I may be reporting old news on old men again, but looking over my post on Joseph Epstein below, I realized I had forgotten to mention he was the author of a much-talked and written-about article, "Who Killed Poetry?" -- which I remember both impressed and very much depressed me when I read it in Commentary back in the late 80's. In it, as I recall, Epstein argues that poetry is "flourishing in a vacuum", that an overwhelming production of essentially insipid work is being artificially stimulated by the grants and MFA system, which has helped to choke off poetry appreciation in the culture. Viz. Dana Gioia's Can Poetry Matter?, a thesis written along the same lines only two years later. Looking up the Epstein piece, I came across this 1989 article by Donald Hall, Death to the Death of Poetry, which is intended to refute it. I daresay I loved it. It convincingly nays the naysayers of contemporary poetry (excuse my neighing!), and gives a bang-on diagnosis of the so-called "problem" of poetry appreciation in our culture. Wish I had read it back in '89 when it first appeared.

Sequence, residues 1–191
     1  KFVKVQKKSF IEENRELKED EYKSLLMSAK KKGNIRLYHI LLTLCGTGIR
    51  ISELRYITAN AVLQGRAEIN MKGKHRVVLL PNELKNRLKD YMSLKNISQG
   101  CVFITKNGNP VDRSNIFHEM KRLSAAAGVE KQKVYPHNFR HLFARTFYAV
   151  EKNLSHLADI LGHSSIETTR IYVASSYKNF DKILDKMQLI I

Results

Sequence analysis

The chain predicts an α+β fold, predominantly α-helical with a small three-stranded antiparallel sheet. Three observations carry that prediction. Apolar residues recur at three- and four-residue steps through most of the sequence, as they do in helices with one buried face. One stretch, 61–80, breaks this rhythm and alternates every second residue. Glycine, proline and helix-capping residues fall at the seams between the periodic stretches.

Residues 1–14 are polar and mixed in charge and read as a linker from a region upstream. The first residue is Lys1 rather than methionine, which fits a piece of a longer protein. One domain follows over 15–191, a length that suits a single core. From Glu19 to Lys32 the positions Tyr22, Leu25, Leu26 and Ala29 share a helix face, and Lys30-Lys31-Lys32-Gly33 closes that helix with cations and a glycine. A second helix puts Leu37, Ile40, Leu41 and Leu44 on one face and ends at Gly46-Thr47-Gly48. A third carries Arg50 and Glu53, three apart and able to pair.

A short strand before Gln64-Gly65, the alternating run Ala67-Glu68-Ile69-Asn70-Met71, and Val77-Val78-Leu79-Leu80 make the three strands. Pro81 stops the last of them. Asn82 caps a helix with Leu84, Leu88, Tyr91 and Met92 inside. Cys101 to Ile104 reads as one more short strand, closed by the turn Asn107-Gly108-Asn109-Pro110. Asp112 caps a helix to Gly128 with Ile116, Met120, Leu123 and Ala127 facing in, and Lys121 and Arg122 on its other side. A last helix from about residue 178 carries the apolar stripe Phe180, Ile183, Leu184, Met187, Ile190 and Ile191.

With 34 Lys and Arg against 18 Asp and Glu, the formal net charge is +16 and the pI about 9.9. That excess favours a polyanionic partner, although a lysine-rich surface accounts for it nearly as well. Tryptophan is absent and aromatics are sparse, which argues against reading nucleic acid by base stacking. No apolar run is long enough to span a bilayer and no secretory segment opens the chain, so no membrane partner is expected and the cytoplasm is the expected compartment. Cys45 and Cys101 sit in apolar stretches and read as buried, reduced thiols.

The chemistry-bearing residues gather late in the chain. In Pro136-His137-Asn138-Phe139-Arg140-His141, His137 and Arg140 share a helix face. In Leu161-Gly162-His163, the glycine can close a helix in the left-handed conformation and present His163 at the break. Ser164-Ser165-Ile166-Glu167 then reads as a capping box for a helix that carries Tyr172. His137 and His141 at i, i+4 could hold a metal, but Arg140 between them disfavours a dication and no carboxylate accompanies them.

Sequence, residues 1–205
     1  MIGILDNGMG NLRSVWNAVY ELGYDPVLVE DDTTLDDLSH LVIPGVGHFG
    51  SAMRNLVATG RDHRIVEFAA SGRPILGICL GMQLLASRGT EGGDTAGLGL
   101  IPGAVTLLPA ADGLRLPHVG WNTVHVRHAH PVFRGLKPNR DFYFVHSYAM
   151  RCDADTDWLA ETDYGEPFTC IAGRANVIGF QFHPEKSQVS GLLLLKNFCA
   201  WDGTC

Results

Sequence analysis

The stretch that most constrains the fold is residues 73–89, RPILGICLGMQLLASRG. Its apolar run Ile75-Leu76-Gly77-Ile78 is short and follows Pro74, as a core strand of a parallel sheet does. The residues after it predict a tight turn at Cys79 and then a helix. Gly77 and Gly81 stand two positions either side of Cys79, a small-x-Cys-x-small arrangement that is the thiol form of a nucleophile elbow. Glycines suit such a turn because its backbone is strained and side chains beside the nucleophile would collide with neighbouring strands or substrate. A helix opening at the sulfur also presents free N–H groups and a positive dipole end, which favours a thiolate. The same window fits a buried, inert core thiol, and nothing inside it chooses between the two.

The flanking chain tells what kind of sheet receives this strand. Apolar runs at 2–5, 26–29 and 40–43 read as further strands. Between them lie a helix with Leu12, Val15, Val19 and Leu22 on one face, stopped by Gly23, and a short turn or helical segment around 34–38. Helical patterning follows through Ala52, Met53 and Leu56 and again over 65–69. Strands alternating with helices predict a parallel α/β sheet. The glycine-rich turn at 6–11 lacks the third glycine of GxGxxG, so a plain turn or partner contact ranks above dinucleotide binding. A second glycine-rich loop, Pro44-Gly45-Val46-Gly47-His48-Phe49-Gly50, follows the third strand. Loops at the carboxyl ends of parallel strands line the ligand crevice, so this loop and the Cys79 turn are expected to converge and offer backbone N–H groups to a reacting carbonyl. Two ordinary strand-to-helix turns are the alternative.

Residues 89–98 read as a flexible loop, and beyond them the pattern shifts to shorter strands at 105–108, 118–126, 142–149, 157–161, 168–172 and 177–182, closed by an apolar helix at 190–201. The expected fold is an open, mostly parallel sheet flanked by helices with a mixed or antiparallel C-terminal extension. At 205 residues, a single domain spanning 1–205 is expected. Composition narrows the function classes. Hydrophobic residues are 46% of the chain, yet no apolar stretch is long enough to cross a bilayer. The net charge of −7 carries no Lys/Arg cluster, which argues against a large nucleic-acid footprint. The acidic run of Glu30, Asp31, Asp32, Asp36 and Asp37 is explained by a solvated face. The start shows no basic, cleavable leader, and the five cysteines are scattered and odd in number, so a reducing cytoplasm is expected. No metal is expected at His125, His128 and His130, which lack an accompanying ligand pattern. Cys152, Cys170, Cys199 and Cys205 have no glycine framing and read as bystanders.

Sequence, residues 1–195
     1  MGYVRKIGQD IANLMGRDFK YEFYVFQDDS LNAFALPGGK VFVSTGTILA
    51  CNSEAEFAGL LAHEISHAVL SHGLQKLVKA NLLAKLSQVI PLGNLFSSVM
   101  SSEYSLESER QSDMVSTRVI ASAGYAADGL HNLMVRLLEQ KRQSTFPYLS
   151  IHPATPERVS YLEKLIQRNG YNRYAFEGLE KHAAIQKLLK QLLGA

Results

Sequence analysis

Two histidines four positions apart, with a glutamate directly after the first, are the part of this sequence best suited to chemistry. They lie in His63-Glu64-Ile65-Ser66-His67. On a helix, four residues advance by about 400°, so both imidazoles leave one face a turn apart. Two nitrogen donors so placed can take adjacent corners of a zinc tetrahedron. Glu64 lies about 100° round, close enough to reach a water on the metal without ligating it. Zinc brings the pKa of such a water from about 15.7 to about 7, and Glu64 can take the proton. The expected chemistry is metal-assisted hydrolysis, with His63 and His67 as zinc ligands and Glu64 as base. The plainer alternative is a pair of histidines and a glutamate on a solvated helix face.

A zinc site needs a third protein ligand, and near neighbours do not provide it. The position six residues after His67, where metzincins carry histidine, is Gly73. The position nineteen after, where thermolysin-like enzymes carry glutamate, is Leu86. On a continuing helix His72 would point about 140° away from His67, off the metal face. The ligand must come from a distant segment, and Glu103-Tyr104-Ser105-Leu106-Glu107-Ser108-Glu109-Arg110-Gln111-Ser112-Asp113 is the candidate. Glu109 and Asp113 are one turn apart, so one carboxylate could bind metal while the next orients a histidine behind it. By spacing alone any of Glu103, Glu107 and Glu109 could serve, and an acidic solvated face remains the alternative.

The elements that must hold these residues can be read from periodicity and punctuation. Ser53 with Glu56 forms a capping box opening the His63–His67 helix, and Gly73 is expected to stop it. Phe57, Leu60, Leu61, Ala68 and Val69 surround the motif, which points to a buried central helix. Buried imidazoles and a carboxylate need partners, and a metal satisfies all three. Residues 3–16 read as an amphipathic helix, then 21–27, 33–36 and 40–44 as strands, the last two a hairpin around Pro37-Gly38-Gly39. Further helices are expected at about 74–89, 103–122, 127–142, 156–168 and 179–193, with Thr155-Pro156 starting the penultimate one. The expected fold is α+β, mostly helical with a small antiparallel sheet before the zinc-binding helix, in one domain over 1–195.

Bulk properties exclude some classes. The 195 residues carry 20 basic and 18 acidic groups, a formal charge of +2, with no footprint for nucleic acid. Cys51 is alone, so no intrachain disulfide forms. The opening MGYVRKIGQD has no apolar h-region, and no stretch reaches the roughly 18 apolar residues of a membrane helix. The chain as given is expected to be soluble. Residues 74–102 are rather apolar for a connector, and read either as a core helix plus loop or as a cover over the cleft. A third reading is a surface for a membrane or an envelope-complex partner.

Well... "Bang-on" may have been facile. Actually, looking over Can Poetry Matter? again, I see Gioia takes many of Don Hall's arguments into account, and that his article is meant to gainsay boosters like Hall. A kind of synthesis of the two antitheses, in other words. A number of Gioia's observations I feel are quite astute, particularly vis-a-vis the self-imposed limitations of a great many poetry readings (poetry only readings, authors reading their only own work -- those limitations still largely hold today). However, I'd say Don Hall's feisty essay injects a positive note that makes it necessary reading for anyone with vital interest in the issue.
I wonder, has anyone convincingly raised the cudgels since? Or could these essays, dating from more than 15 years ago, be considered "the last words" in that debate?